Avoca drives 31% growth at Aramark Ireland
Avoca had more than €4m in restructuring and related costs ahead of Aramark deal
The new food market area in Avoca Handweavers at Rathcoole, Co Dublin. Photograph: Bryan O’Brien
US catering services giant Aramark’s Irish unit posted almost 31 per cent profit growth in its last financial year, boosted by the impact of its more-expensive-than-reported €60 million acquisition of Avoca Handweavers.
The group, which entered the Irish market with the 2004 purchase of Campbell Catering, delivered €45.8 million of gross profit for the year to the end of September 2016 at Aramark Ireland Holdings, up from €35.1 million for the previous year, according to accounts filed with the Companies Registration Office.
Group turnover rose at a similar pace, by 30.4 per cent to €310.1 million, according to the figures.
While the Avoca deal contributed €43 million of sales for the almost nine months in which it was under the control of Aramark Ireland, its contribution to the group’s €2 million net profit was €225,000 for the financial year.
While Aramark’s purchase of Avoca from the Pratt family last year was previously through to be for in excess of €50 million, the accounts show that the figure was actually €59.9 million. The company has recorded €33.7 million of goodwill associated with the purchase of Avoca, which was founded in the 1970s as a textiles business.
Aramark is believed to have beaten off competition from others, including Dunnes Stores, to buy Avoca
Since Aramark took control of Avoca it has sold some of the company’s textiles operation in Co Wicklow back to members of the Pratt family.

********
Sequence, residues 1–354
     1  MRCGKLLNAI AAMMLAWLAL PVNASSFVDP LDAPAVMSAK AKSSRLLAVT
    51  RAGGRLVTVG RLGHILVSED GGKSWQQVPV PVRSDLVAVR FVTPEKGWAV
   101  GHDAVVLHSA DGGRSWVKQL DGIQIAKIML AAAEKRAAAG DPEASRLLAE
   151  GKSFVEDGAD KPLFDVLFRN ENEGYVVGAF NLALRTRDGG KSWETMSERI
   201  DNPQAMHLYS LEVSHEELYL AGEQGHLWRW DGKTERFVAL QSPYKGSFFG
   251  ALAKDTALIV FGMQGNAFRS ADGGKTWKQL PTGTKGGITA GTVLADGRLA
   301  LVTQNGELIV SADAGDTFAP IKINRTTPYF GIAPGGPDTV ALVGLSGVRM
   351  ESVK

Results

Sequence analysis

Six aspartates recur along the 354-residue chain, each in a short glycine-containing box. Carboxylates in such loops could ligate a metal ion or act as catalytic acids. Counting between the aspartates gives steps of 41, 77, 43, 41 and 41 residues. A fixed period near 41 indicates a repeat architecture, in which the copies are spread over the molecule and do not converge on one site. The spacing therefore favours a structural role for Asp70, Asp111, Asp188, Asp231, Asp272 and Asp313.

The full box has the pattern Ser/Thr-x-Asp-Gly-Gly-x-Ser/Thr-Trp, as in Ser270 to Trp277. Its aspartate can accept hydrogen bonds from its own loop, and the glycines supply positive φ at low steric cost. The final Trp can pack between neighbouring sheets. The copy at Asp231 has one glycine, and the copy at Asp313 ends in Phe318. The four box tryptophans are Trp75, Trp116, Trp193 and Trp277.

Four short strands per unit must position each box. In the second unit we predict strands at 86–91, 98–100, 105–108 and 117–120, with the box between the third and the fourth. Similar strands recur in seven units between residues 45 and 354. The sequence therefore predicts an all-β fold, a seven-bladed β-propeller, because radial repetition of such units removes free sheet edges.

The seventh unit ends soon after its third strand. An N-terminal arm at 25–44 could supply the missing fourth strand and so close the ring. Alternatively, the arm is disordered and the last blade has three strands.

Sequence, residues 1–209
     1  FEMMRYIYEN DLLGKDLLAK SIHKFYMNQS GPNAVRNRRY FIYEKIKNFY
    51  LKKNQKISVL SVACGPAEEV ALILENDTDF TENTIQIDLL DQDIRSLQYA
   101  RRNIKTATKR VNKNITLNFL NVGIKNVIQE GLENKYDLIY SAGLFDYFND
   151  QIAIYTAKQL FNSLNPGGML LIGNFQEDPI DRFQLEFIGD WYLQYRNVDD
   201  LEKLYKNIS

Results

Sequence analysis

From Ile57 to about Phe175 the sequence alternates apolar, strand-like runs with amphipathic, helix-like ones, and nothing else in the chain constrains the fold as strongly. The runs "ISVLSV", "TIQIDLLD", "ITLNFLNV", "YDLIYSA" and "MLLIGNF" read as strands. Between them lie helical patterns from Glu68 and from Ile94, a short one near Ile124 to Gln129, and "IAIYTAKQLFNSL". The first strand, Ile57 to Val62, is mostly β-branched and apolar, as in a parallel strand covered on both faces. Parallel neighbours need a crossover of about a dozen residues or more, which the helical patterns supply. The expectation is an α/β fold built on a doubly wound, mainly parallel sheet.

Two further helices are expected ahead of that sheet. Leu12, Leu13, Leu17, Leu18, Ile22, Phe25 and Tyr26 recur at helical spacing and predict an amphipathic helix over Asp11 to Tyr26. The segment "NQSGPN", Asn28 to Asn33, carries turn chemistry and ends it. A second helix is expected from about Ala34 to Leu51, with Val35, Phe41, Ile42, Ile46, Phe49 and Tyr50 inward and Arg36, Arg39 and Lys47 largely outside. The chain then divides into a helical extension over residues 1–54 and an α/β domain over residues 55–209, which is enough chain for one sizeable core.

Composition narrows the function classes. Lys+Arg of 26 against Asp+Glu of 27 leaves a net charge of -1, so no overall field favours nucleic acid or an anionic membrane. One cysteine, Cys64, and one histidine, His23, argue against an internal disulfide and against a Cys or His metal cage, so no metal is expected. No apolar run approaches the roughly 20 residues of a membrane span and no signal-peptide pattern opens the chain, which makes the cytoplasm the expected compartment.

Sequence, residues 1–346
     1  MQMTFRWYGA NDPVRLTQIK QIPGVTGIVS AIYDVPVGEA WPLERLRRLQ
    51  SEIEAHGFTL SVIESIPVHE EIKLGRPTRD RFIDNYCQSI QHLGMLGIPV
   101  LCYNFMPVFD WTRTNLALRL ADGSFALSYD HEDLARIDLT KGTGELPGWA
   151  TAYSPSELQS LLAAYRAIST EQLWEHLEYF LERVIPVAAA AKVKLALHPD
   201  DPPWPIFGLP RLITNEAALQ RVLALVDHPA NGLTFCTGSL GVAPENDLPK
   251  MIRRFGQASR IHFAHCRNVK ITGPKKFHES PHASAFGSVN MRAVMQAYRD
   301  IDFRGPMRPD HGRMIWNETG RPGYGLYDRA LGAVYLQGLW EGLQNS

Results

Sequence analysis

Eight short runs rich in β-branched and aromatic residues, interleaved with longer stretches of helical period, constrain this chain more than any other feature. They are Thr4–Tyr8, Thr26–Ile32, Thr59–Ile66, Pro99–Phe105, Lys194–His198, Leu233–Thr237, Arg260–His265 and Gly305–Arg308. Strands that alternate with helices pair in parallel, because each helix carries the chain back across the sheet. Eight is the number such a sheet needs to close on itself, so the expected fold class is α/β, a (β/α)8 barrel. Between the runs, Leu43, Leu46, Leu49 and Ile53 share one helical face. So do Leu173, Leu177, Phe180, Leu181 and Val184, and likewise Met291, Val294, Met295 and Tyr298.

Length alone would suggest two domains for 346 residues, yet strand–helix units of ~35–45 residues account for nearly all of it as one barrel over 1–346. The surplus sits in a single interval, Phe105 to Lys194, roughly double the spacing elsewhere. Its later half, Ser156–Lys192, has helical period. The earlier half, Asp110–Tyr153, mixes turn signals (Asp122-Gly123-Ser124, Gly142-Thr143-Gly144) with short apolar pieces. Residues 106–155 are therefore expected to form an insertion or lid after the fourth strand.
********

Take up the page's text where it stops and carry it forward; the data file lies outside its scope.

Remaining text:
At the end of the fiscal year, Aramark Ireland had 5,005 staff, up from 3,958 in 2015.
Meanwhile, documents lodged in late June with the Companies Registration Office containing the last set of accounts for Avoca to January 2016 revealed that the food and lifestyle luxuries retailer racked up more than €4 million in restructuring and related costs ahead of the Aramark deal.
Aramark Ireland booked €1.4 million of restructuring costs for its financial year through last September.
The group was among the most advanced parties involved in the bidding in 2008 for Noonan Services, the Irish facilities management and contract cleaning company, but was beaten by a €90 million off from UK private equity firm Alchemy Partners.
Last week an agreement was reached for Noonan Services to change control for the second time in a decade. South African conglomerate BidVest is set to take over the business in the coming months in a €175 million deal.
While there had been speculation in industry circles that Aramark was among bidders vying for Noonan Services , several sources with knowledge of the transaction told The Irish Times in June that it was not among the final bidders.